Wednesday, October 19, 2011

US's Dilemma in Iraq

As widely reported today (here's the NYT's report), hundreds of Turkish soldiers, supported by Turkish warplanes, crossed more than 2 miles into Iraq today to go after members of the PKK militia who attacked and killed about 25 Turkish soldiers.  The US ambassador to Turkey has issued a statement deploring the PKK attacks, noting that that organization is on the US's official terrorist list.

Iraqi Kurdish politicians are not happy with Turkey's incursions into their territory - the latest in a series of Turkey's attacks into the territory of Iraq's Kurdish Regional Government (KRG), which, at least officially, is part of the state of Iraq, which is governed from Baghdad.  For Iraqi pols who hope to rebuild a truly Iraqi "nation" that incorporates the country's diverse ethnic groups and religious communities, Turkey has attacked the sovereign state of Iraq.  From Turkey's point of view, however, the PKK has to be eliminated, which means not allowing them a safe haven inside Iraq.  (One wonders how much the US is keeping an eye on this situation as a template for a possible future incursion of US forces into Pakistan to eliminate Taliban who flee from Afghanistan to shelter there.)

Will the US at some point need to choose between Turkey (the emerging new power in the Middle East, and one that it hopes to cajole back into an embrace of Israel, which is rendering itself more isolated by the day) and Iraq (the country where the US expended so much blood and treasure to "liberate" it, and which it desperately wants to nurture as an ally against Iran)?  

If Iraq's oil industry ever gets truly up and running, to exploit the bazillions of barrels of oil and cubic meters of natural gas now encased beneath its soil, American weapons-manufacturers (and the Congressmen at their collective teat) will expect a bonanza of sales to the Iraqi military - which, the US says, it wants to see beefed up enough to fend off outsiders and control its own airspace.

Has anyone envisioned the possibility of an Iraqi prime minister scrambling Iraqi fighter jets - supplied by Lockheed, General Dynamics, whomever - to defend northern Iraq (the current KRG) against bombings and strafings from Turkish warplanes?

UPI reports on some of the other implications for US policy in the Middle East if a full-blown civil war erupts in Turkey's southeast, and if Turkey ramps up its incursions into Iraq to go after the PKK.

the Americans may find themselves drawn into the conflict as Turkey launches air raids on PKK sanctuaries in Iraq and is expected to mount a major ground offensive, as it has in the past, if the Kurds keep up attacks on Turkish forces.

The Islamist government of Turkish Prime Minister Recep Tayyip Erdogan could well be supported by U.S. Predator drones that are expected to be deployed on Turkish soil as the Americans withdraw from Iraq.

Indeed, Ankara's growing campaign against the PKK is becoming interlocked with a worsening revolution in Syria, Turkey's threat to use military force to stop Greek Cypriots and Israel from exploiting offshore natural gas fields in the eastern Mediterranean and deteriorating relations between Iran and the United States.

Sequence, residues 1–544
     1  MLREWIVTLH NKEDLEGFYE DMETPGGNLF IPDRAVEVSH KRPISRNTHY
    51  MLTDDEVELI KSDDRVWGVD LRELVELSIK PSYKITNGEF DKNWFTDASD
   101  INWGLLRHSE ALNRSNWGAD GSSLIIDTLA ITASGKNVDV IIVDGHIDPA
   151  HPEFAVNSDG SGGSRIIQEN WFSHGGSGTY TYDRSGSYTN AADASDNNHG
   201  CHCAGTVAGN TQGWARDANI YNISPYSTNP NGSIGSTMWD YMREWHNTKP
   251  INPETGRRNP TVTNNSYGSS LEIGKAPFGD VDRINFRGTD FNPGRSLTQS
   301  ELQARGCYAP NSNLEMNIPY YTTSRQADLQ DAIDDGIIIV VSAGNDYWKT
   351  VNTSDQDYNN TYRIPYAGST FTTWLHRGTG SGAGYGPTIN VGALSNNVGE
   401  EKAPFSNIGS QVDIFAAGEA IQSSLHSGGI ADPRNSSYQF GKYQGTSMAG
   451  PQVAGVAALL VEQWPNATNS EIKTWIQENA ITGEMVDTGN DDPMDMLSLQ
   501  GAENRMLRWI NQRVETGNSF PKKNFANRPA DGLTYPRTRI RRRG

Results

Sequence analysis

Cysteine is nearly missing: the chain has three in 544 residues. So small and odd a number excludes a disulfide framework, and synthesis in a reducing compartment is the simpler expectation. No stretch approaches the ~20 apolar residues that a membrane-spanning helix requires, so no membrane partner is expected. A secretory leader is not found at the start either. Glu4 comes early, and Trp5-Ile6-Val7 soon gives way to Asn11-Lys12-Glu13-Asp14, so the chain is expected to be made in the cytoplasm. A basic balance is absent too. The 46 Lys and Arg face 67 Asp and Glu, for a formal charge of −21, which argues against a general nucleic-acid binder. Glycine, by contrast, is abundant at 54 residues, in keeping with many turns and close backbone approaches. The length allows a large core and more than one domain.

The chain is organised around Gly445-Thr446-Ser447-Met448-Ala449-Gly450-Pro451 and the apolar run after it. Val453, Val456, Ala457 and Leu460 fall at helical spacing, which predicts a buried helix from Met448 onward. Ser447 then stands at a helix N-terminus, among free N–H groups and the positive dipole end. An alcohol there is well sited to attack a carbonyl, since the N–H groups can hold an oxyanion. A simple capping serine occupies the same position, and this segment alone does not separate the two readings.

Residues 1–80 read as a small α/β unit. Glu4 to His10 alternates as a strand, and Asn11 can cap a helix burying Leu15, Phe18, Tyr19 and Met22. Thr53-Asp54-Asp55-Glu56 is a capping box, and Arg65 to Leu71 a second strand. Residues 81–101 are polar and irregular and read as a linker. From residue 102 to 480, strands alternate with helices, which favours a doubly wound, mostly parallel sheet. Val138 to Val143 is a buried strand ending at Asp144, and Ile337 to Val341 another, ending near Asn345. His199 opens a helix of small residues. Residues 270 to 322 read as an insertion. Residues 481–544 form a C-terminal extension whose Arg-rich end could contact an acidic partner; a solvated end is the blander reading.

As U.S. troops move toward completing their withdrawal from Iraq by Dec. 31, Washington is having to increasingly depend on Turkey, which has the second largest military within NATO, to help support Iraq, moderate with Iran and pressure the beleaguered regime in strife-torn Syria.

Erdogan last week launched weeklong military maneuvers on Turkey's border with Syria, as it did in 1988 when the two neighbors almost went to war over Damascus' backing for the separatists of the PKK.

Erdogan, who wants to make Turkey the paramount power in the region, has allowed the Syrian National Council, the umbrella for the myriad opposition groups that have been seeking the downfall of the minority Alawite regime in Damascus since mid-March, to operate out of Istanbul.

Syria's intelligence services, a key pillar of the embattled regime of President Bashar al-Assad, have threatened to resume arms deliveries to the PKK unless Erdogan minds his own business.

Turkish authorities uncovered an arms cache in the southern Kurdish city of Diyarbakir on Oct. 3 that may have originated in Syria.

Damascus accuses the Turks of arming the Free Syrian Army and the Syria Free Officers Movement, two groups formed by soldiers who defected from the Syrian military to join the uprising in which the United Nations says more than 3,000 people, mainly civilians, have been killed.

These two groups, along with other dissident factions, operate from refugee camps on Turkey's border with Syria.

The regional upheaval is further complicated by Iran stepping up attacks on PJAK, the PKK's Iranian wing, which also has bases in Iraqi Kurdistan.

With the U.S. military pullout from Iraq, Washington's need for Erdogan's support will almost certainly intensify. The U.S. State Department has already branded the PKK a terrorist organization.

"I think Turkey has America's complete support regarding the PKK," says Soli Ozel, professor of international relations at Istanbul's Kadir Has University.

"The U.S. is so dependent on Turkish backing when it comes to Syria and Iraq, I don't think they'll think twice about writing off the PKK."

The Jamestown Foundation, a Washington think tank, cites regional analysts as saying Iran "is using PJAK and the PKK to militarize the border regions in case of an American attack."

That prospect may have gained traction from U.S. allegations that Iran's Revolutionary Guards were involved in a plot to assassinate the Saudi Arabian ambassador in Washington.

Tehran vehemently denies that and some analysts suspect the incident was fabricated by U.S. authorities to discredit Iran and pave the way for possible military action.

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